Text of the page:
The Guardian, ‘What Was I Looking For?’, Our Attention Spans, and Our Reading Habits

The Internet Archive’s printed books preservation project* prompts the The Guardian (“Is this the end for books?”) to survey some questions about books and the nature of reading. In particular, it’s not just how we read, but what we read that is in question —

“In some ways, though, the question of whether we do our reading off paper or plastic is the least interesting one. More interesting is what we’re reading, and the manner in which we do so. A large number of literate westerners spend most of their waking hours at computers, and those computers are connected to the web. The characteristic activity on such a computer has been given the pleasing name “wilfing”, adapted from the acronym WWILF, or “What was I looking for?” You work a bit. You check if it’s your move in Facebook Scrabble. You get an email. You answer it. You get a text. You answer it. Since your phone’s in your hand, you play Angry Birds for five minutes. You work a bit. You go online to check something, get distracted by a link, forget what you were looking for, stumble on a picture of a duck that looks like Hitler, share it on Twitter, rinse and repeat.”

The article rightfully invokes TS Eliot’s “distracted from distraction by distraction” — it’s hard to ignore the fact that we are now fully part of a reading culture characterized by divided attention: “You could call wilfing multitasking, or parallelistic cognitive layering — or you could call it cocking around on the web.” So, should we have cause for bemoaning this loss of immersive reading in favor of the always-also-doing-something-else kind of reading we all know too well? Or have we, collectively speaking, simply adjusted or evolved our reading habits to a new means of information availability? Steven Johnson and Nicolas Carr offer competing theories:

“There are two main schools of thought. One is that modern culture is making us cleverer. In Everything Bad Is Good for You, Steven Johnson observes that IQ scores in the west are rising, and argues that pop culture — from soaps to video games to the web — is responsible. In the other corner is Nicholas Carr, author of The Shallows: How the Internet Is Changing the Way We Think, Read and Remember. He thinks the web is making us more stupid. We surf the shallows in a state of permanent distraction, and concentrate on no single thing for long enough to engage properly with it. Since much of our mental energy is spent processing the medium, little is left for the message. Carr, then, is a descendent of Plato, who mistrusted writing because he thought people would stop bothering to know anything if it was all there in books.”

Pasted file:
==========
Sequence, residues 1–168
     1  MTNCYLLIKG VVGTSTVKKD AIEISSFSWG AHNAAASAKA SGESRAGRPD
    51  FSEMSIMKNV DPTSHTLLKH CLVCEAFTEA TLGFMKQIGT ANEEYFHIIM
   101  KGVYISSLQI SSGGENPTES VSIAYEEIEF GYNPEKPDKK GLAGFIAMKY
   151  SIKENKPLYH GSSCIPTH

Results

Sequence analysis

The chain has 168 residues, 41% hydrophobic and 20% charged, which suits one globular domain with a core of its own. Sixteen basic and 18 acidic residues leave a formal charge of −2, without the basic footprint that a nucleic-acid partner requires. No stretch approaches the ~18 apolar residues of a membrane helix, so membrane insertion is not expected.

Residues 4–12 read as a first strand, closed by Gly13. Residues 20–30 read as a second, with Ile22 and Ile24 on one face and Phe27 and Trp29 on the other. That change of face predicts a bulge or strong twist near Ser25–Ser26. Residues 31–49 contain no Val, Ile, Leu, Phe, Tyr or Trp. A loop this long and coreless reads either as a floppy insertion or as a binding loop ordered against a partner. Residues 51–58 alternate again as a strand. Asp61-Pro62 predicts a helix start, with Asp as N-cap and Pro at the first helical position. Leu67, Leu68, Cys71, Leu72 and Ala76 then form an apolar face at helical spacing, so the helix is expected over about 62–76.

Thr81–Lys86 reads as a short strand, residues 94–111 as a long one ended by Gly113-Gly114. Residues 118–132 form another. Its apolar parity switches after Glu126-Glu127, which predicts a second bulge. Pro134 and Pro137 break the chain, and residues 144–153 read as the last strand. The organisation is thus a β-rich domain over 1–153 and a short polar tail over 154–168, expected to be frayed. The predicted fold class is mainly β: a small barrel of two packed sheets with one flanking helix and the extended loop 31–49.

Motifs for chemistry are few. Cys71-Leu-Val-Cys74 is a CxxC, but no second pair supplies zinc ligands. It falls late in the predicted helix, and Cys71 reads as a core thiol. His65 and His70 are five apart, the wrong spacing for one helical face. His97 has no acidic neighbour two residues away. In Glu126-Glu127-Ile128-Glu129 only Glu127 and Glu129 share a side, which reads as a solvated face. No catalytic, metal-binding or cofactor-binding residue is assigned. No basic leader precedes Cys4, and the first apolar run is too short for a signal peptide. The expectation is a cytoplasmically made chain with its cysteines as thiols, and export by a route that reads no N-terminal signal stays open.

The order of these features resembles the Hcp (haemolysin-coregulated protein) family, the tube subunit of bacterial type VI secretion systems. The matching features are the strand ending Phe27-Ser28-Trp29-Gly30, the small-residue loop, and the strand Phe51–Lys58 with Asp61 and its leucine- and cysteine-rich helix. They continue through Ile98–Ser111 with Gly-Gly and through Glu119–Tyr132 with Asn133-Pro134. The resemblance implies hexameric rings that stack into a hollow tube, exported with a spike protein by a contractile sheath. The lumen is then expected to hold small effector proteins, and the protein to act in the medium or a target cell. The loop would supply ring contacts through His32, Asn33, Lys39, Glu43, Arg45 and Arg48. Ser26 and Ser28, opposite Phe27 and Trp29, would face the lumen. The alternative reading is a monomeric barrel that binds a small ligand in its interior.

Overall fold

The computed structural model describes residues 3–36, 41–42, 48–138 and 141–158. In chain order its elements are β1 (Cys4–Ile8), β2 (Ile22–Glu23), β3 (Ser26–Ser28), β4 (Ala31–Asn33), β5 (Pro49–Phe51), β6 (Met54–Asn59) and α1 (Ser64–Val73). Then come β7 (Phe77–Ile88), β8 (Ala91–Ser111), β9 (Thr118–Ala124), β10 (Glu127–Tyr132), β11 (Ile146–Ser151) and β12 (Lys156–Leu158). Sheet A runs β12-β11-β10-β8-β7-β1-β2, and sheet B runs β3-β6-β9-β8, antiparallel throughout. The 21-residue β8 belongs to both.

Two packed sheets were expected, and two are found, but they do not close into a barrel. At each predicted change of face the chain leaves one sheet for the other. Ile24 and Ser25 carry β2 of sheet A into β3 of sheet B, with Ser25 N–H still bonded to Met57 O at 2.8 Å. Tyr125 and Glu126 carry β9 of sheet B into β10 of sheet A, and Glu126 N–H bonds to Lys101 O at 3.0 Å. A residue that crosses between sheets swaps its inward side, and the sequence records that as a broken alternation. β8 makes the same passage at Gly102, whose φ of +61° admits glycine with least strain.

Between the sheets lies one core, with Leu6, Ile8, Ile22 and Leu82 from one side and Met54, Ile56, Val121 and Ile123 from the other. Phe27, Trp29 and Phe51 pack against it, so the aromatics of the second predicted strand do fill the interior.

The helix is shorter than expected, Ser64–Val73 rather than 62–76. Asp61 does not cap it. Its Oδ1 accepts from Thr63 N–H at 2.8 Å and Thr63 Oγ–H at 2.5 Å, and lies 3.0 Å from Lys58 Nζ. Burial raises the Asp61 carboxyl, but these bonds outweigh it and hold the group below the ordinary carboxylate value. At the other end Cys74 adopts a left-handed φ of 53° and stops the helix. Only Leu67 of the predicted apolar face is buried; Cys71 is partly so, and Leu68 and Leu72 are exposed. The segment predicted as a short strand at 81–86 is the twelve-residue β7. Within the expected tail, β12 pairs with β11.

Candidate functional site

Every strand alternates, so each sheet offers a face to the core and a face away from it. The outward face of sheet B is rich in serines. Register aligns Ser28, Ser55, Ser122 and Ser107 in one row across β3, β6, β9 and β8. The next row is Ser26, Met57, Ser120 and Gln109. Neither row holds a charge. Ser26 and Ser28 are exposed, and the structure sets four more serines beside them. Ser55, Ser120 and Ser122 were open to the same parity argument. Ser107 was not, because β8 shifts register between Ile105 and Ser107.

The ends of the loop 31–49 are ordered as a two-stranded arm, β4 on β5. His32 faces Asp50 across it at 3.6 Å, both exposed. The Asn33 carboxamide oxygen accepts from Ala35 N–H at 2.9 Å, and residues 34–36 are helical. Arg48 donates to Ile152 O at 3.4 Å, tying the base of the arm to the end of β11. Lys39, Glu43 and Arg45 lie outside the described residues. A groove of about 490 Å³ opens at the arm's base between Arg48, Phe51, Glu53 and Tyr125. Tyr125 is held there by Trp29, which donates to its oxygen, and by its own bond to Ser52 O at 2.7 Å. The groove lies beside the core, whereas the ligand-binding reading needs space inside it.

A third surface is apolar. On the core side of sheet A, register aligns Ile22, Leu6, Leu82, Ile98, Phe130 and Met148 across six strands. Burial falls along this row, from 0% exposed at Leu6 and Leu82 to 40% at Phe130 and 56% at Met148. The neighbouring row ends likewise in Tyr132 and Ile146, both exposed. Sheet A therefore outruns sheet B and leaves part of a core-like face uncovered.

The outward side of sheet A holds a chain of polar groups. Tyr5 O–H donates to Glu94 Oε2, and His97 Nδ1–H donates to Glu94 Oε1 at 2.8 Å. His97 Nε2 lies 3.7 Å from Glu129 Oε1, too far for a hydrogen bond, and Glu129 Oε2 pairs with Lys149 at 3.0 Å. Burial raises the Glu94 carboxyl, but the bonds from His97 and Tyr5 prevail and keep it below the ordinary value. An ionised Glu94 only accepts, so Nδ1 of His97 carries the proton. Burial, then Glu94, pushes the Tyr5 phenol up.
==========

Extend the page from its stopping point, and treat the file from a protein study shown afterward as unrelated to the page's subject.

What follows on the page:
The truth, as with so many things, likely lies somewhere in between. Sure, there are many more things available to compete for our attention; and so many of those things seem to offer such easy short-term gratification in comparison to other things like, you know, reading, or thinking (I personally hate having my email or iPhone-type device near me when I’m really reading a book).

The Guardian article raises an interesting suggestion which is well worth thinking about — if our attention spans are shortening, should that ultimately mean an increased demand for short stories and a waning of the longer novel (i.e., Wolf Hall, The Pale King)? That doesn’t seem to be the case. Although, maybe it’s too soon to tell for sure: “These books may resemble 19th-century novels in size, but the pace of even the most traditional of them is faster. And in many — especially in Infinite Jest, a novel about addiction, entertainment, radioactive rodents and tennis — you can see a conscious attempt to engage with the phenomenon of information overload.”

Two other interesting points I feel compelled to touch upon briefly:

“Most commercial writing is shaped by the market, and the market is shaped by the formats that have become standard; and those have been shaped by issues of portability, how wide you can make the spine without it breaking, the sizes of printing presses, and so forth.”

In the history of print-based books, this is certainly true. It’ll be interesting to see, now that the Age of the Digital Book is upon us, will consumers of books still place as much value upon this question of format? Books are in theory more portable than ever. But does portability necessarily mean readability?

“So, even if they now seem natural, the lengths and formats of books are but cultural accidents. If this all goes, there will be consequences for the shape, size and format of prose narrative.”

Interesting. And, also true. The article specifically calls attention to the “cellphone novels” in Japan (something I may need to write about sometime soon) and the blogs-to-novels trend. All of these and other related developments strike me as more options in which to consume what we choose to read — but I’m not so sure if this actually indicates a fundamental shift in the form of the book itself. The question of enhanced ebooks and books vs. apps also seems to be expanding our definition of how books should act.

* We also took a look at this previous: “The Internet Archive and Paper: Together at Last?”. And, Engadget has a very relevant Raiders of the Lost Ark pic.

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I run the ThinkLab at the University of Cambridge, and research digital habits, productivity, and wellbeing.

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